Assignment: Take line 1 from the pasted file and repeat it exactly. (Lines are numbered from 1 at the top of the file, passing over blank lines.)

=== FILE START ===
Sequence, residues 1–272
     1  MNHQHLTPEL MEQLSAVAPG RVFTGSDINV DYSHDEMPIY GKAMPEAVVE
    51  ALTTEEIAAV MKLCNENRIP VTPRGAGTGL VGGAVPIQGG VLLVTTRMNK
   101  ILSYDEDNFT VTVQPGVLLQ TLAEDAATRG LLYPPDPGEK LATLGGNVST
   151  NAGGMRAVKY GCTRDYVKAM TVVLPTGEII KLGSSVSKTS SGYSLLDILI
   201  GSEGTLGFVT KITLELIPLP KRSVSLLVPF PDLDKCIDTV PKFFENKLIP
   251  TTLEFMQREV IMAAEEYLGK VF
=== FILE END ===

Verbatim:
Sequence, residues 1–272